What is Bioenergy ?

Monday, August 30, 2010

What is Bioenergy ?

Bioenergy is energy derived from biomass, which is organic material such as wood, plants, or animal wastes. Bioenergy can be used to generate electricity, produce heat, and also for the production of biofuels. The three main areas of bioenergy are:-  
  • Biomass
  • Biogas
  • Biofuels
  • Co-firing
Biomass can be burned to produce electricity, hot water or hot air. Direct combustion is the simplest and most common method of generating energy from biomass. For small-scale applications, the fuel usually takes the form of wood pellets, chips and logs. Wood pellets are a compact form of wood, with low moisture content & high energy density. Larger applications use fuels such a miscanthus and willow, which are short rotation crops.
The energy content of the fuel used depends on the moisture content. A higher moisture level will slow down the combustion process, as the water has to boil off before the fuel burns.
Agricultural Waste
Wood is not the only form of biomass that can be burnt to produce energy. Other forms of biomass produced by farmers are by-products of conventional agricultural activity. They include 'dry' agricultural wastes such as straw, damaged grain or seeds, even animal bedding has been tried as a fuel. These wastes vary in their efficiency, but for farmers who burn these wastes for heat, they can represent a useful and cheap fuel source.
'Wet' agricultural wastes such as manure can also be used to generate heat and electricity by a process called Anaerobic Digestion.
In biomass electricity generation, biomass is combusted and heat is produced, which is then used to generate electricity.
 Biomass Heating
Biomass heating systems produce either hot water or hot air. The biomass is combusted in a furnace, where it heats either air or water. Hot air production is used primarily for space heating, and hot water can be used either as part of a domestic hot water system or for heating systems such as central heating and underfloor heating. In hot water systems, a heat exchange system can be used to heat water tanks etc.
 Combined Heat and Power (CHP)
Combined heat and power systems can also be used – the biomass is burned to produce both electricity and heat. CHP is an efficient way to use the biomass, as it uses the waste heat from generation as useful energy.
Biogas is a mixture comprising mainly methane and carbon dioxide. It is produced when organic matter decomposes in the absence of oxygen. This can take place in a landfill site to give landfill gas or in an anaerobic digester to give biogas. Sewage gas is biogas produced by the digestion of sewage sludge.
An anaerobic digester produces conditions that encourage the natural breakdown of organic matter by bacteria in the absence of air, so that the biomass breaks down much faster than usual.
Anaerobic digestion is a method for turning residues from livestock farming and food processing industries into biogas, fibre and a liquid called 'digestate'. The outputs from the digestion process are:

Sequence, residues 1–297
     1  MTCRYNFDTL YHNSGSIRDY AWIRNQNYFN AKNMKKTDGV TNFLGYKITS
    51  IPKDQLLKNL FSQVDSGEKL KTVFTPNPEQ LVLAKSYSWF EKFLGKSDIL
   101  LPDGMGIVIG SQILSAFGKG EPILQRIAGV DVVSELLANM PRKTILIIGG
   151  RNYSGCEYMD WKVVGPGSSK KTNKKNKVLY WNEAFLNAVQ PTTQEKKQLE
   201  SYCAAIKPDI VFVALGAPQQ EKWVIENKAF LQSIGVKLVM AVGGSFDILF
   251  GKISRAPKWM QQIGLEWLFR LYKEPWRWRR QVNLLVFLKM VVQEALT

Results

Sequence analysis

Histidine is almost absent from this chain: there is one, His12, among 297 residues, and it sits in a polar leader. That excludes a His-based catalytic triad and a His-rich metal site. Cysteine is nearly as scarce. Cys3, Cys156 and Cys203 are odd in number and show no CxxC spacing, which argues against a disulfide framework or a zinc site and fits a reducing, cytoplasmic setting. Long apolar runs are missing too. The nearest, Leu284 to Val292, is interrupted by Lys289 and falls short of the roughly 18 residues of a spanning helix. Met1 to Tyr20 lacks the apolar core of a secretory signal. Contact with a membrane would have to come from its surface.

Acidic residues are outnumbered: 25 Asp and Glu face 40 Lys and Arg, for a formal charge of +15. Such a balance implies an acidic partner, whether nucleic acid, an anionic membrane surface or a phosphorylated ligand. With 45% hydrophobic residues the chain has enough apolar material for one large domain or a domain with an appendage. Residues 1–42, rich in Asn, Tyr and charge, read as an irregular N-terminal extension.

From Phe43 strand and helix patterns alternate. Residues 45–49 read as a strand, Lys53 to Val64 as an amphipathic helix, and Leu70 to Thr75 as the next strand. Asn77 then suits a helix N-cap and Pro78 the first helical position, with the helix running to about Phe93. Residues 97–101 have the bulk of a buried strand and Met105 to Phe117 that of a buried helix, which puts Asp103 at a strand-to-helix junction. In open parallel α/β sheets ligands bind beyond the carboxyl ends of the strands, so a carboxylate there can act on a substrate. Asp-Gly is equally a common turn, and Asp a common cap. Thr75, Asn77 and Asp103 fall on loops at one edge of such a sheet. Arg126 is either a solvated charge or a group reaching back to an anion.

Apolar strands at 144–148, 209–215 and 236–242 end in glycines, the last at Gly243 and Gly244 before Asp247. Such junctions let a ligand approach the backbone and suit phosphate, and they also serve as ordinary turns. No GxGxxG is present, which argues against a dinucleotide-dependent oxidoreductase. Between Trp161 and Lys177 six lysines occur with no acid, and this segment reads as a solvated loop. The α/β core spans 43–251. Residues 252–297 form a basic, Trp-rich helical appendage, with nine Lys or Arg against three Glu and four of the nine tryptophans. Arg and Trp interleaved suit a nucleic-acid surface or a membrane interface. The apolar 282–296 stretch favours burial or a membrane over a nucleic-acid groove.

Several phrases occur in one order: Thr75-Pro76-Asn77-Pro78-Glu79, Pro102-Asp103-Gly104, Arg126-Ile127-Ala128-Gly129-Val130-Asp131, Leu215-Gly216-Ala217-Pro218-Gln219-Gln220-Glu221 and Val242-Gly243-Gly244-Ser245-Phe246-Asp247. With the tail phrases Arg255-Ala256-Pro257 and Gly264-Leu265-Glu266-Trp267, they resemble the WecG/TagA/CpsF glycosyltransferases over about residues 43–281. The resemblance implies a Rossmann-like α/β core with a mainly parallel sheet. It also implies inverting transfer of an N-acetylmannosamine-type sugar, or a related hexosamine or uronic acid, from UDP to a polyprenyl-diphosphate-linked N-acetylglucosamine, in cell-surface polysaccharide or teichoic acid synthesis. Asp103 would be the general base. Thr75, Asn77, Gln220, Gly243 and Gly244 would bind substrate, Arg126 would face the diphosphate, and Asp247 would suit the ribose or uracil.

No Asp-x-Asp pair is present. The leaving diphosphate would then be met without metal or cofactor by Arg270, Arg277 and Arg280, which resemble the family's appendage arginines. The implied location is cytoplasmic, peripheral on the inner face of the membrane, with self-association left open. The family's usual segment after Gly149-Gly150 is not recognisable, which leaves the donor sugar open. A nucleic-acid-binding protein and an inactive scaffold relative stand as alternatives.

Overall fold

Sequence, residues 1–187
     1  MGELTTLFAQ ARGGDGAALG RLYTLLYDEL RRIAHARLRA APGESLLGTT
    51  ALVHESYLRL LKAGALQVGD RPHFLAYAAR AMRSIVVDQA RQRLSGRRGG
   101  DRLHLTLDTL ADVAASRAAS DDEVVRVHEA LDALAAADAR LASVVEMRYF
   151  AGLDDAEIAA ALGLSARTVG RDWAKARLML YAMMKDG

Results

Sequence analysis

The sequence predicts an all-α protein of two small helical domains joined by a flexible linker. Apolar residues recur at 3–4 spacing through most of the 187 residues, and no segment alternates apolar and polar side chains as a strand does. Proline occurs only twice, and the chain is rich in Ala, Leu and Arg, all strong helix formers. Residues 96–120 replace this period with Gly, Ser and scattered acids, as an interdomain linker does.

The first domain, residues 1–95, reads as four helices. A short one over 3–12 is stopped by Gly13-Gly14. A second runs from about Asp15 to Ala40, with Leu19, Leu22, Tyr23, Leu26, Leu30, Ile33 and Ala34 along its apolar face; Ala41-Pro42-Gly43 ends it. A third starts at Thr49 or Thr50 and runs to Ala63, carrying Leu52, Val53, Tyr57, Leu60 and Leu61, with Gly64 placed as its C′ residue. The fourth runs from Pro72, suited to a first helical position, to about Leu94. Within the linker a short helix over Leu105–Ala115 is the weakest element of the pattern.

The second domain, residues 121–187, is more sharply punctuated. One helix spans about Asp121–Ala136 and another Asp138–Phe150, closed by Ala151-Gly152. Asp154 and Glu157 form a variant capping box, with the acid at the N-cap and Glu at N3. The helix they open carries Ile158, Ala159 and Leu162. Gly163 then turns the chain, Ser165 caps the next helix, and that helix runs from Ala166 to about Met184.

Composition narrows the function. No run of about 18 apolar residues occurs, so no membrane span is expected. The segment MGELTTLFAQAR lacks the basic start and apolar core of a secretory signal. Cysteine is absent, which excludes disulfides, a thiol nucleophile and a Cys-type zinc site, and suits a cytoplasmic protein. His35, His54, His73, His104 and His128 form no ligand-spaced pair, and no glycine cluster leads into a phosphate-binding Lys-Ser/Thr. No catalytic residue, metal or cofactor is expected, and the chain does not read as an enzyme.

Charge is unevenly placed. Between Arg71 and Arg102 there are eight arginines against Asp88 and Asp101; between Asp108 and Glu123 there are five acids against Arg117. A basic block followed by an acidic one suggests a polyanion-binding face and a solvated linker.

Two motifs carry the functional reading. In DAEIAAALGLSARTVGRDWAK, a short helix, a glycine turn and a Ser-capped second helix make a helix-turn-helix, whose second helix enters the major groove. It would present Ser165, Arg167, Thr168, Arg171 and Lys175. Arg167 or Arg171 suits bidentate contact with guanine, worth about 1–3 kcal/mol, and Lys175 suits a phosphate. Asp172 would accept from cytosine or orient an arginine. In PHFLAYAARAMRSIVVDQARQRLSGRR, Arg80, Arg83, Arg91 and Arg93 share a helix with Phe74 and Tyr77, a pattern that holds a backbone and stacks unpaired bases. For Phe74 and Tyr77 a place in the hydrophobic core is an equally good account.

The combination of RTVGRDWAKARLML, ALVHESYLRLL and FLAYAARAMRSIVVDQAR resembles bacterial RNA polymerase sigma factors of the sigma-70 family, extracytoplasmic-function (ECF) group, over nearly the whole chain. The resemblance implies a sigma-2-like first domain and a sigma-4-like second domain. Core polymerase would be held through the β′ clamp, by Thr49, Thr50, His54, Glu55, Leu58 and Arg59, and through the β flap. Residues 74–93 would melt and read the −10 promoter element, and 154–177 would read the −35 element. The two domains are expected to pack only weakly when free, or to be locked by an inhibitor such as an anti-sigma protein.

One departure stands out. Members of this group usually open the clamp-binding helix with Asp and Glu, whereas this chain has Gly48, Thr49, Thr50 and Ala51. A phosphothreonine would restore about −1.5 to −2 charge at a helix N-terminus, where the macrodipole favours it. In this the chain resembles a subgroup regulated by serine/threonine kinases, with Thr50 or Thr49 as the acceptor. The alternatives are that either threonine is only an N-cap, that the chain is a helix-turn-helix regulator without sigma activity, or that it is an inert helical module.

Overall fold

Biogas – a mixture of 60% methane, 40% carbon dioxide and traces of other gases. Biogas can be burnt to produce either heat or energy. The biogas is burnt in the same was as natural gas, and the resultant heat can either be used for space heating, hot water systems, or to generate electricity or as a road fuel.
Digestate – an inert and sterile wet product containing valuable plant nutrients and organic humus which can be applied to land as a soil conditioner and biofertilizer.
Biofuels are fuels made from biomass (organic matter) which can be used instead of traditional fossil fuels. Biofuels are most commonly used for transport, but are also used for small heating applications
The three most common biofuels are:
  • Biodiesel
  • Bioethanol
  • Biomethanol
Biodiesel is derived from vegetable oils, and can either replace diesel completely or be mixed in different proportions. It is most commonly blended, as it gives better performance, and in the UK car warranties are made invalid if biodiesel is used to replace diesel completely. This type of biofuel can be used in diesel engines with no modifications. Typical feedstocks for biodiesel are mainstream agricultural crops such as oilseed rape (Northern Europe) and sunflower oil (Southern Europe).
Bioethanol is produced from a variety of agricultural feedstock, including starch crops, sugar crops and woody crops. By-products from the sugar industry, such as molasses, can also be used. The most typical feedstocks are wheat and sugar beet (Northern Europe) and sweet sorghum (Southern Europe). Bioethanol can be used in existing petrol engines, although some petrol is needed in addition to the fuel when cold starting.
Biomethanol is produced from wood, and is used in existing petrol engines in the same way as bioethanol. It is not as common as either biodiesel or bioethanol.
Co-firing refers to the simultaneous combustion of a supplementary fuel (i.e. biomass) with a base fuel (i.e. coal). Co-firing biomass with coal is seen as the cheapest way of generating green power in utility plants. In addition it also reduces the emissions of fossil based carbon dioxide and is accredited under the Renewables Obligation. From a community services perspective, biomass co-firing represents an opportunity to add value to raw materials.
After 31st March 2006 co-firing coal with biomass will only be eligible under the Renewables Obligation if 75 % or more of the energy content of the biomass derives from energy crops. The co-firing of coal and biomass will only be eligible under the Renewables Obligation until 31st March 2011.
Co-firing can be subdivided into: Direct Co-firing: biomass and coal are fired in the same compartment. Indirect Co-firing: combustion/ gasification of biomass occurs in a separate facility.


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